The movie lacks consistency of action. The first half is spent showing producer Ram Gopal Verma’s favourite Urmila at her modelling best after which the situation changes with the film turning into a psycho-thriller. Urmila discovering Fardeen’s marriage somehow seems an unconvincingly created situation as is the story of a servant running away with Rs 10 lakh posing as an underworld don.

Fardeen Khan is a photographer on a tour to beaches in Goa where he discovers Urmila (a loner) exercising and fits her in his camera.

The exhibition finally leads to Urmila coming on the ramp and making it big. Fardeen is by her side always eulogising her personality. She mistakes it to be love. She finally decides to propose to Fardeen and lands up at his home.

Sonali Kulkarni, Fardeen’s wife, opens the door. Urmila is shattered. She keeps on calling Fardeen and even threatens to end her life. Nothing works till Fardeen decides to leave the town with his wife. Urmila lands up at his home when wife is alone.

Urmila stabs his wife. She is about to cut her throat when Fardeen arrives and goads her to leave the knife. Urmila’s father Suresh Oberoi comes to the spot and discovers the truth. Six months later Fardeen is having a happy time at home with his wife when Oberoi comes home and invites Fardeen for a small appearance on his daughter’s birthday.

Fardeen agrees only to land up at the mental hospital where Urmila is locked up.

Fardeen still has a long way to go to prove his mettle.


Regular shapes are better

IN Feng Shui regular shapes are preferred to irregular shapes. Whether it is for plots, houses, offices or even furniture like centre tables, dining tables or even seating arrangements, shapes like squares, rectangles or ovals are considered better. Regular shapes are complete and don’t have anything missing in them. Regular shapes are symmetrical and balanced, offering a chance of deriving out maximum benefits when advanced Feng Shui is practiced. Irregular shapes often attract ill-fortune, as they are incomplete and missing. The luck pertaining to that particular missing corner is absent from the same premises. Buildings with corners jutting out and protruding may also suffer from various kinds of misfortunes. Protruding corners appear like extensions to the basic shapes, with the result that other corners seem to be missing. L or U shaped houses and shops are particularly unlucky. Generally, these places can be rectified and put to order with the help of Feng Shui. It is very interesting to note that “Shermukha” plots or pieces of land are deemed lucky in Feng Shui as they represent a moneybag in which money flows in easily but gets out with a much slower pace.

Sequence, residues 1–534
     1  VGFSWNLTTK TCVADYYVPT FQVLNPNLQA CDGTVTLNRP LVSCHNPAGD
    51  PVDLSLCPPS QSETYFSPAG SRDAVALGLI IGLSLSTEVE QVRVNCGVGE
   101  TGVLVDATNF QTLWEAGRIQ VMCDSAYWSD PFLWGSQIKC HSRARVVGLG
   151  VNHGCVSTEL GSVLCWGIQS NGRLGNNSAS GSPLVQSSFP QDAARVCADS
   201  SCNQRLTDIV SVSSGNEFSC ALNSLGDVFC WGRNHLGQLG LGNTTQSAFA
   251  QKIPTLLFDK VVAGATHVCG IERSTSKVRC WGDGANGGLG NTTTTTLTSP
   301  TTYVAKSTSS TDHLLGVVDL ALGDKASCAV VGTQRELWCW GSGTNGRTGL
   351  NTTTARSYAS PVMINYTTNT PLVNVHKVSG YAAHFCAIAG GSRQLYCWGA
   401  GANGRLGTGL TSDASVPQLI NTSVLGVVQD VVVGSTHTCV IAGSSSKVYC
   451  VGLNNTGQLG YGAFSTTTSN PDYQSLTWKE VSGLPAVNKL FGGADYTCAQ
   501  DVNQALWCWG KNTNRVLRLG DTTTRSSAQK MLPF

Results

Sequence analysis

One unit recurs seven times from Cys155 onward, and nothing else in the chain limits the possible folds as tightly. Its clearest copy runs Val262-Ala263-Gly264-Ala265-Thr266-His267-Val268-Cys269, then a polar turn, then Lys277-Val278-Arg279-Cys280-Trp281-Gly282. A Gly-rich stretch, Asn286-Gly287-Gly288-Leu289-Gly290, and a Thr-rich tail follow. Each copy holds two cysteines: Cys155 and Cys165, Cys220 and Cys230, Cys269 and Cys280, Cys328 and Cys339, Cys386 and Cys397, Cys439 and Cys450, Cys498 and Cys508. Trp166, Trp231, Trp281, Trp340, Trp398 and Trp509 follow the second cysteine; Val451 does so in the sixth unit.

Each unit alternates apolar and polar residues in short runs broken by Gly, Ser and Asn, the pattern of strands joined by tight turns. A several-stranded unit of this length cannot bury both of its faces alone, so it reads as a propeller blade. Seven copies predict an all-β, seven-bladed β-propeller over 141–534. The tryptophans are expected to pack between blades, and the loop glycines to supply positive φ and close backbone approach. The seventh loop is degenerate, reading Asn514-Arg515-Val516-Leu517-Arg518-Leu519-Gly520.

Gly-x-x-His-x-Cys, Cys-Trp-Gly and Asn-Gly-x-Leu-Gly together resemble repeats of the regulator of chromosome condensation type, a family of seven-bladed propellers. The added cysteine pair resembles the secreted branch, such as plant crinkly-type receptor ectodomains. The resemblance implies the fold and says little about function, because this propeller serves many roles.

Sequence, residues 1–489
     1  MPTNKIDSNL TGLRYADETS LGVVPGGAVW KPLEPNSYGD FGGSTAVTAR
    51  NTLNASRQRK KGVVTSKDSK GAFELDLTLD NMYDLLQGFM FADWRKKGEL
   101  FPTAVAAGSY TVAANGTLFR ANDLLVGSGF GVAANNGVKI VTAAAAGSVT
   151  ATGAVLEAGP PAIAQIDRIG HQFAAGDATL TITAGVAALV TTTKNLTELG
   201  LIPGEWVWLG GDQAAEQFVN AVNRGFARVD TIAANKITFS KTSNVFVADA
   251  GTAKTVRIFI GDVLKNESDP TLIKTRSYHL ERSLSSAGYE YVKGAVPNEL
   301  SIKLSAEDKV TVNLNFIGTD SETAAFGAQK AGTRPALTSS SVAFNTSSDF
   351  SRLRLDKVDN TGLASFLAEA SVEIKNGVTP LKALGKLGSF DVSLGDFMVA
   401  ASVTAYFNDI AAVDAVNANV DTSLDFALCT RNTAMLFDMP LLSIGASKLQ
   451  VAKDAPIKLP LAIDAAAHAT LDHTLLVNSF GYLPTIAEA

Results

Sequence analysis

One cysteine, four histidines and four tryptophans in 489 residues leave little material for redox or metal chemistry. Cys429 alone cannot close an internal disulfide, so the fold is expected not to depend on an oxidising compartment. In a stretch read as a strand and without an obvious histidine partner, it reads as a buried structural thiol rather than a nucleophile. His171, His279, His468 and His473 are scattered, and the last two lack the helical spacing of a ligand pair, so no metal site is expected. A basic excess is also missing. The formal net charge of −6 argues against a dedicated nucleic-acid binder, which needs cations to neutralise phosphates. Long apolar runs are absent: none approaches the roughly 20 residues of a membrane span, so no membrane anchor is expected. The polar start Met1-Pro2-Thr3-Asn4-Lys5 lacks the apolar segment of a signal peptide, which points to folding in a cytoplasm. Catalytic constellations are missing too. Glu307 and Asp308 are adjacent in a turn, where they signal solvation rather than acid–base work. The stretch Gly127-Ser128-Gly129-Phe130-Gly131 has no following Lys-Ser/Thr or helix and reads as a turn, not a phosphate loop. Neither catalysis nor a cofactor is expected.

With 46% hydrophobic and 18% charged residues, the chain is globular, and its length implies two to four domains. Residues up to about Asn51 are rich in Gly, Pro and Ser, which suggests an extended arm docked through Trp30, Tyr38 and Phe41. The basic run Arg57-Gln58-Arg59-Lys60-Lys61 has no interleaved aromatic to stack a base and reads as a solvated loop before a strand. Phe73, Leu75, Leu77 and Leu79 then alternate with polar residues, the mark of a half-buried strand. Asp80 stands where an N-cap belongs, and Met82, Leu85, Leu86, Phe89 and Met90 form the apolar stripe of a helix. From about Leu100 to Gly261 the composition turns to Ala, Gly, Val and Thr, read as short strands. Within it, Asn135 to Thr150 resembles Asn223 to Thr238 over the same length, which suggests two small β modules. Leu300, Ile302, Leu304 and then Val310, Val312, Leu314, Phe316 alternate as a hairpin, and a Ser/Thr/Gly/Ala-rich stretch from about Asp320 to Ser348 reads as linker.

Send your Feng Shui queries to:

E-mail: [email protected] 
Postal address: C/o F.S. TIPS
The Tribune, Sector-29, Chandigarh-160020.



Evening dedicated to courage
Aditi Tandon
Tribune News Service

Chandigarh, April 28
Some moments never die. The sacrifice of Neerja Bhanot, the senior flight purser aboard Pan Am flight which was hijacked in November 1986, is one such moment.

It became fresh again today, with the Tagore Theatre reverberating with vibes of courage and conviction which the 23-year-old Chandigarh girl displayed on November 5, 1986, the fateful day which tested her for guts and grit. The function was organised to pay homage to the great sacrifice of Neerja Bhanot, the daughter of Harish Bhanot, who has been honoring brave women year after year, to keep alive the memory of his daughter.

It was the fifteenth Neerja Bhanot Award distribution function.

As the audio-visual told of Neerja’s feat, the air swelled with breaths of admiration for her. History stood reconstructed before the public.

One of the trustees of the Pan Am Trust, Mr Irfan Khan, talked about the objectives of the trust. He said, “It is meant to celebrate Neerja year after year. The quest here is to find Neerjas from all over the country and honour them for their conviction.” The trust, which has a corpus of Rs 36.50 lakh, aims to fund women who have in situation or under certain circumstances, replicated the courage of Neerja.

The trust has awarded 14 women till this day and accepts no donations.

Before the awardees of the day — Ashamma from Andhra Pradesh and Alice Garg from Jaipur — were called over for being honoured, the Chairman of the jury, Mr Hari Jaisingh, shared his feelings with the gathering. “I am generally reluctant to be associated with such public functions. But Harish has been a friend, a guide, a philosopher, and when he asked me to head the jury I could not refuse.” That he was overwhelmed throughout the speech, was clear from the way he talked of Neerja. He then went on to tell the gathering about how he, along with two other jury members, Mr Mac Sareen and Mr Harold Carver, arrived at the same two names. Quoting Swami Vivekananda: “Strength is life, weakness is death,” Mr Hari Jaisingh said Alice and Ashamma richly deserved the honour.

As the Punjab Governor and UT Administrator, Lt-Gen J.F.R. Jacob, honoured Ashamma, she fell on his knees, confirming how deeply grateful she was to be a part of the family.

While she talked about her miseries as a ‘jogini’, tears rolled down Ashamma’s cheeks. The ultimate gesture from her came in the form of donation of Rs 1 lakh from the award money. She said, “I will keep Rs 50,000 for my child. The rest will go to the sangh I work for.”

Alice Garg, who spoke in Hindi and with a lot of substance said, “I am taking back the faith which you all have so strongly reposed in me and my institution. This faith will inspire me to work better and work more fearlessly,” she said.